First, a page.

O'Grady-Spear v. Colvin

Filing 27

ORDER that the final decision of the Commissioner of Social Security is affirmed. The Clerk shall enter judgment and terminate this case. Signed by Senior Judge James A Teilborg on 9/7/16. (LSP)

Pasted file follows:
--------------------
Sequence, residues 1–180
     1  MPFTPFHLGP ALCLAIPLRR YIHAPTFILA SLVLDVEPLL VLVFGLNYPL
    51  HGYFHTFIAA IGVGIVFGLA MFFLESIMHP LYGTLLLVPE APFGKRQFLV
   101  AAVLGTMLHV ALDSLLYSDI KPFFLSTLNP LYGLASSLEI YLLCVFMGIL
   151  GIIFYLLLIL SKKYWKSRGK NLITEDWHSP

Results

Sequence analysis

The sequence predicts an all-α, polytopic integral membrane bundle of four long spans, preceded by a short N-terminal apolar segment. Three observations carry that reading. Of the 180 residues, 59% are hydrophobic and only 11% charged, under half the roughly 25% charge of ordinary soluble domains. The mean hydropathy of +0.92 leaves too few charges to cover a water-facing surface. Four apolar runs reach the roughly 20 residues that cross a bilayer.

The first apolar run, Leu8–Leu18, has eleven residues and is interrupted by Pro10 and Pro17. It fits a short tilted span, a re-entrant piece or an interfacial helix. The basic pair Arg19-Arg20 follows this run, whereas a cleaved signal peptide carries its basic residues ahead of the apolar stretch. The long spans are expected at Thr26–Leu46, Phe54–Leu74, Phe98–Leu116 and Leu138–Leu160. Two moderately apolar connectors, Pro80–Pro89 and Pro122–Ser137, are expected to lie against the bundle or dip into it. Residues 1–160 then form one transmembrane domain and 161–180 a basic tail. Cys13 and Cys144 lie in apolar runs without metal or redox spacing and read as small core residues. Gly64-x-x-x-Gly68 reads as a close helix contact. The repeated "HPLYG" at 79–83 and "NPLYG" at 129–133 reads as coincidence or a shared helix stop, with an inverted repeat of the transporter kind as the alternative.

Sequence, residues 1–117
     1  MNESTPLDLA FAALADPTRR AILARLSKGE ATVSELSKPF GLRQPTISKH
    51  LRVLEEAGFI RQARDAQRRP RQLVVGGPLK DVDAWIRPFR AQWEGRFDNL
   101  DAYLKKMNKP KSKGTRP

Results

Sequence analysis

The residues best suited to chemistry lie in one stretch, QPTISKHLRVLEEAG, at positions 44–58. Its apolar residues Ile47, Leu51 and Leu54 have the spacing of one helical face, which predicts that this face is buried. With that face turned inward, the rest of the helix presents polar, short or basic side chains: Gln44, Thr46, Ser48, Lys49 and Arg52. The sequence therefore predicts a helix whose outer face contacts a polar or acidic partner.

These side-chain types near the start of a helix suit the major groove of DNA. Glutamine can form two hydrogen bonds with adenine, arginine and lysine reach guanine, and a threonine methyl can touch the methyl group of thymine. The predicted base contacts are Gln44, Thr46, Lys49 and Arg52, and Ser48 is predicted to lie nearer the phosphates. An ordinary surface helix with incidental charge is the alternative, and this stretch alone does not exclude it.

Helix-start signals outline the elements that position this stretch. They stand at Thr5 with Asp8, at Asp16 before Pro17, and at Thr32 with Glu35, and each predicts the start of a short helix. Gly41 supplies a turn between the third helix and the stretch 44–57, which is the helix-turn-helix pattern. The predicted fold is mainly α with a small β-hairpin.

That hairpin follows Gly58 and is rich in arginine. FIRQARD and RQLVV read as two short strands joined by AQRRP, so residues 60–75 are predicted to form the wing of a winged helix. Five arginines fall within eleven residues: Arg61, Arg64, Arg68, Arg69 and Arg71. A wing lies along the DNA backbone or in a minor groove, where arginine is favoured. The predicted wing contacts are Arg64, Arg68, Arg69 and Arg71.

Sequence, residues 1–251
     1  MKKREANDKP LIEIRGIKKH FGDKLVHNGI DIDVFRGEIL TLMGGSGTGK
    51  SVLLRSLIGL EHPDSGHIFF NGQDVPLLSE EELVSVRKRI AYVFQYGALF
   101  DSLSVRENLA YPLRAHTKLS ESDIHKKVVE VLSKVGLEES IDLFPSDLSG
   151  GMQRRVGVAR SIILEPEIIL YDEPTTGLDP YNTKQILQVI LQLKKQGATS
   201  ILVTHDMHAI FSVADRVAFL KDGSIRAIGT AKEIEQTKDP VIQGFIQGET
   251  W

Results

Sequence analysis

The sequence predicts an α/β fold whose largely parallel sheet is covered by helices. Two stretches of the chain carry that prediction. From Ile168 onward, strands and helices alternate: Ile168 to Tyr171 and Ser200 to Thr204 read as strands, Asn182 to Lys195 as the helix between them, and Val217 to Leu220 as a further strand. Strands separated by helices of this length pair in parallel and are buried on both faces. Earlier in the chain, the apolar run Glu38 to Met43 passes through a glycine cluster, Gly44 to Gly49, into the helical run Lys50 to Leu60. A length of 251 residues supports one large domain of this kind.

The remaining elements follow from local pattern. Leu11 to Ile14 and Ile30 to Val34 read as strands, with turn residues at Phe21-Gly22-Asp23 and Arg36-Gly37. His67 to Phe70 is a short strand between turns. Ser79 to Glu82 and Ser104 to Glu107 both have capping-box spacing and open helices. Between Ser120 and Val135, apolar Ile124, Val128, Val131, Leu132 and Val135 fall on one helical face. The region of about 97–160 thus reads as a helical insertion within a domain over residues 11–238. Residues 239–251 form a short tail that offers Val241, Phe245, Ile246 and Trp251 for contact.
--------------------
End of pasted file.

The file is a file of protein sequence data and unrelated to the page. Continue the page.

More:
Download PDF